RELATED: No matter what time of the year you visit, the city honestly has so much to offer. However I cannot recommend a winter visit enough! Check out these fantastic things to do in Winnipeg in winter and you’ll find yourself planning your own snowy adventure!
Waterfall Chasing in the East
So far I’ve covered the western area of southern Manitoba and spent some quality time in the capital, so now it’s time to head east! The next stop on our Manitoba road trip will pique the interest of waterfall lovers such as myself as you head to Whiteshell Provincial Park. Don’t forget to stop at the Centre of Canada for a quick photo-op first!
Whiteshell Provincial Park
Depending on how much hiking you want to do, this can be a quick half-day tour or a full-day adventure. If you’re an early riser, you can really take advantage of Whiteshell Provincial Park’s trails. However, if your feet are sore and you didn’t get your butt moving until around noon as I did, there’s still plenty to see. you just might have to skip out on a few hikes.
It’ll take about an hour and a half to get to your first stop, so if you’re feeling peckish I’d suggest stopping in Whitemouth for a bite to eat. There are some campgrounds which have corner stores within the park, but I’m not sure of their opening times or what they offer. I played it safe and grabbed a deliciously hearty meal from the Spicy Radish Cafés. They boast home-cooked meals from locally sourced ingredients as well as gluten-free and vegetarian options. I had their bacon, ham and onion quiche with a side spinach salad and both were so fresh and tasty. I think it was honestly the creamiest quiche I’ve ever had as I savoured every bite.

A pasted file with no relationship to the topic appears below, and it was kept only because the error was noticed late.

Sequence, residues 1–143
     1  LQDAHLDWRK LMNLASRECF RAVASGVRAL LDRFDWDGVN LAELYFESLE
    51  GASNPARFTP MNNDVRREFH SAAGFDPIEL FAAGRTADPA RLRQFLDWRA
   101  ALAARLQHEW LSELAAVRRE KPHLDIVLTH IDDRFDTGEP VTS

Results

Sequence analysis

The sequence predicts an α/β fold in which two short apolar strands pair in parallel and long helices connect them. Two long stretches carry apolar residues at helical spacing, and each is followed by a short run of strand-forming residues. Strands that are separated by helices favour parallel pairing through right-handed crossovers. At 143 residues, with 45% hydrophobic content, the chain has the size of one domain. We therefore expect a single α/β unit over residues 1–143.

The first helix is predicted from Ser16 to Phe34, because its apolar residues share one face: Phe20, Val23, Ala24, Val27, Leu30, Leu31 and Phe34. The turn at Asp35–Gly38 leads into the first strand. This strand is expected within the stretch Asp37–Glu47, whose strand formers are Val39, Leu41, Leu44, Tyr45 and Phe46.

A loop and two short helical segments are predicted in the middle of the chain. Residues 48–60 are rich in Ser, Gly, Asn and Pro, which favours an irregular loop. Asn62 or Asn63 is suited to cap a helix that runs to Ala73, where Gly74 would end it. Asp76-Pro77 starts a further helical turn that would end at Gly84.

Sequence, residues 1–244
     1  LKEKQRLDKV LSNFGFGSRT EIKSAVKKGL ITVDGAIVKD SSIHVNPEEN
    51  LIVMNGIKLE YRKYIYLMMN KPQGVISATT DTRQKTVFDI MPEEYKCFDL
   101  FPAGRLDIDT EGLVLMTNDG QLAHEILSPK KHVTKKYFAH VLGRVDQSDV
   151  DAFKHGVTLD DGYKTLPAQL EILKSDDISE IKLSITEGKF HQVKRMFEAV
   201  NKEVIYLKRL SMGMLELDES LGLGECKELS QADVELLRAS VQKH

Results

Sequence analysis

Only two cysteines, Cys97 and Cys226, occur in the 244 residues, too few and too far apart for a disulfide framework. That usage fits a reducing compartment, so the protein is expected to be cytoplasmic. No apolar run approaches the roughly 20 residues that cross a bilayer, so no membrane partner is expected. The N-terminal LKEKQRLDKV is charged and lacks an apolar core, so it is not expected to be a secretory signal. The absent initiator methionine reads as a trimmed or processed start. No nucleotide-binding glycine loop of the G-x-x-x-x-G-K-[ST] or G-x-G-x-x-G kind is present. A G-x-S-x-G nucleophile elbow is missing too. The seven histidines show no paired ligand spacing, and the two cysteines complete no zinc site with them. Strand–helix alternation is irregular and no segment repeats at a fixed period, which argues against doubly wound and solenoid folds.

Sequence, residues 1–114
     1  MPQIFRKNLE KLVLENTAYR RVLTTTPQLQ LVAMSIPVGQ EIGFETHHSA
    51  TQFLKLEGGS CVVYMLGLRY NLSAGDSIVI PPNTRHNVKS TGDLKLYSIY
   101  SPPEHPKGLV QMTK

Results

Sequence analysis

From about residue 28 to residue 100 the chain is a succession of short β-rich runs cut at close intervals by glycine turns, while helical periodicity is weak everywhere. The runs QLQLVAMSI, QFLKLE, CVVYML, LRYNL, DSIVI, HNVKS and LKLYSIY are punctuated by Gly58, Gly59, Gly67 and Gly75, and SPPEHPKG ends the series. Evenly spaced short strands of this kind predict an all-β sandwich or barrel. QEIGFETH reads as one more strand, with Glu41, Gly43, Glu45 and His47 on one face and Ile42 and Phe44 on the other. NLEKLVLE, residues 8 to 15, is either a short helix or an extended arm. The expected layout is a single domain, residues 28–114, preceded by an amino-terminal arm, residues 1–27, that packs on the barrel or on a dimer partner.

With a full belly, hit the road along Provincial Trunk Highway 44 to your first stop at the Alfred Hole Goose Sanctuary. Back in 1939, four orphaned Giant Canada Goose goslings fought against all odds and survived thanks to the help of Alfred Hole. This subspecies was thought to be extinct, but it was later determined otherwise thanks to his efforts. The geese who return to this sanctuary each year are direct descendants of those original four goslings. While I didn’t see any geese during my visit, I did spy a beautiful little waterfall on the Renny River just off of Goose Pond.
Hop back in the car and take off along the Manitoba 307 to Rainbow Falls. Accessible by car, this miniature block waterfall feeds the Whiteshell River into White Lake. Take a walk along the shoreline and even do a little rock-hopping towards the middle of the falls.
Make a U-turn and keep heading north along the Manitoba 307. Pull over at Pine Point Rapids for the trail to Viburnum Falls. This is a hike you may have to bail on depending on how much daylight you have left. Unfortunately for me, I was too late in the day to make it to the falls themselves as the hike is 8 kilometres long, taking approximately 3-4 hours. If you’re too late, don’t fret. Instead, wander through the Precambrian Boreal forest and enjoy the beautiful views from the lookout point which will take less than an hour. Plus I guarantee you’ll see a few fuzzy faces along the way!